Governance , Information Sharing , Training & Security Leadership

CIA Creates Digital Innovation Directorate

Reorganization to Help Counter Tech Advances by Adversaries
CIA Creates Digital Innovation Directorate
CIA Director John Brennan (CIA photo)

As part of its biggest reorganization in its nearly seven-decade history, the Central Intelligence Agency is creating a Directorate of Digital Innovation that will use cyber technology to amass and analyze intelligence.

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CIA Director John Brennan, in a March 6 message to employees, said the new directorate would oversee the acceleration of digital and cyber integration across all of the agency's mission areas.

"Digital technology holds great promise for mission excellence, while posing serious threats to the security of our operations and information, as well as to U.S. interests more broadly," Brennan said. "We must place our activities and operations in the digital domain at the very center of all our mission endeavors."

Besides creating the Digital Innovation Directorate - which would be on par with four existing directorates - the reorganization creates 10 new mission centers to focus on specific regions or geographic areas, such as the Middle East, terrorism and weapons proliferation. Thousands of agency employees are expected to be reassigned as part of the reorganization.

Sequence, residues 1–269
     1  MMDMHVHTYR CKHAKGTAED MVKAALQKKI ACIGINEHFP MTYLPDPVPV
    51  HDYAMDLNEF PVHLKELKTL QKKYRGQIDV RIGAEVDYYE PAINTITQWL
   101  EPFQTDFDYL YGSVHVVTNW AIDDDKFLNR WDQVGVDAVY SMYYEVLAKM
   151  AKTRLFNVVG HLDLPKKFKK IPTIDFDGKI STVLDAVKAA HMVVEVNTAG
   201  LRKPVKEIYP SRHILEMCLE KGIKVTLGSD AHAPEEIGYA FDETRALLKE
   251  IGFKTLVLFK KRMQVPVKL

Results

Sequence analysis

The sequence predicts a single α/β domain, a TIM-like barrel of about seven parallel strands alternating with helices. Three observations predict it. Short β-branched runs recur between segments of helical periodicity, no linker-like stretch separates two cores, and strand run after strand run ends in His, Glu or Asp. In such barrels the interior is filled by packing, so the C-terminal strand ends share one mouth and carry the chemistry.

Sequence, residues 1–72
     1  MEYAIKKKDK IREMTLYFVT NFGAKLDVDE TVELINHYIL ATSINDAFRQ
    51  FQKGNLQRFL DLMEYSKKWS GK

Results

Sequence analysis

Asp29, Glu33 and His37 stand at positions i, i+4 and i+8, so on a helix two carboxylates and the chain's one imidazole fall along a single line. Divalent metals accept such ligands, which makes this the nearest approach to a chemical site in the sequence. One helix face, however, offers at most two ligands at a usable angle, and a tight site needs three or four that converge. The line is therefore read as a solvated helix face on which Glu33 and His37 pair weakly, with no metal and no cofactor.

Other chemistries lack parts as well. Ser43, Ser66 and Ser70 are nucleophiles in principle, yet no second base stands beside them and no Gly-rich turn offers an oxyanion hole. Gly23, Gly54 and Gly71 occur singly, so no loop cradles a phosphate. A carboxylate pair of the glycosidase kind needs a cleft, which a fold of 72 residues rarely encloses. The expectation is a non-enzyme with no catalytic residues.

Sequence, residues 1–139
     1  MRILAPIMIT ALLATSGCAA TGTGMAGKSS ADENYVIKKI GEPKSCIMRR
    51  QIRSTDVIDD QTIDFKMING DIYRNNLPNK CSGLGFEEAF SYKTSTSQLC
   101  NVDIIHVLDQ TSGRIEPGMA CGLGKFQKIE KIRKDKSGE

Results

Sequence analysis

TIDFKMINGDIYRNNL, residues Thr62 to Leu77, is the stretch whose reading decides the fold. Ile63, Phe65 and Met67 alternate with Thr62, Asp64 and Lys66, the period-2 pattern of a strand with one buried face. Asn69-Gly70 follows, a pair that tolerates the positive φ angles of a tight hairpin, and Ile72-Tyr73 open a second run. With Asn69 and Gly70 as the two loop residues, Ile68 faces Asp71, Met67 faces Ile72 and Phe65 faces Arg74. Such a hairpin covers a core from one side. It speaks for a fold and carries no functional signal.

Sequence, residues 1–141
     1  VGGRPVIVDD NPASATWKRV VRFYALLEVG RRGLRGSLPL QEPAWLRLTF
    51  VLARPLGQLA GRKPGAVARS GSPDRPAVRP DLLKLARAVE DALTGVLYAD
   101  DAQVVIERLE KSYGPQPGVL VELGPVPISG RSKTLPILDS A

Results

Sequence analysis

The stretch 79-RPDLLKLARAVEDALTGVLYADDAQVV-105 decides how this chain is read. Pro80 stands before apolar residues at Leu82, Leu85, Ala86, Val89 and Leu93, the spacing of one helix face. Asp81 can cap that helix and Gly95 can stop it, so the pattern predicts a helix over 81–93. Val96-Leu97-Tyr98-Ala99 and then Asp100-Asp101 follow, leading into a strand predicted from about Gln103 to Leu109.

Battling Militant Groups

Brennan briefed a small group of reporters on the changes on March 4, on the condition they did not publish details until he informed CIA employees. CIA officials suggested that stepping up the CIA's expertise in cyberspace might help it counter technological innovations and sophisticated use of social media by militant groups such as Islamic State, according to Reuters. The new directorate also could help limit damage to intelligence gathering caused by former NSA and CIA contractor Edward Snowden.

"By formally setting up a division focused on data mining and cyber-espionage, the primary purpose is to better allocate resources and to increase operational efficiencies with other divisions," says Ken Westin, senior security analyst at the IT security firm Tripwire. "There are still a lot of outstanding questions with regards to where the CIA ends and the National Security Agency begins, particularly when it comes to domestic surveillance programs. There is still a great deal of overlap with regards to data and systems these agencies can access, so it will be important to have proper oversight to limit their capabilities and the data they can access as well as the techniques used."

Rep. Adam Schiff, the California Democrat who serves as the ranking member of the House Intelligence Committee, endorsed the reorganization. "The director has challenged his workforce, the rest of the intelligence community and the nation to consider how we conduct the business of intelligence in a world that is profoundly different from 1947, when the CIA was founded," Schiff said.


About the Author

Eric Chabrow

Eric Chabrow

Retired Executive Editor, GovInfoSecurity

Chabrow, who retired at the end of 2017, hosted and produced the semi-weekly podcast ISMG Security Report and oversaw ISMG's GovInfoSecurity and InfoRiskToday. He's a veteran multimedia journalist who has covered information technology, government and business.




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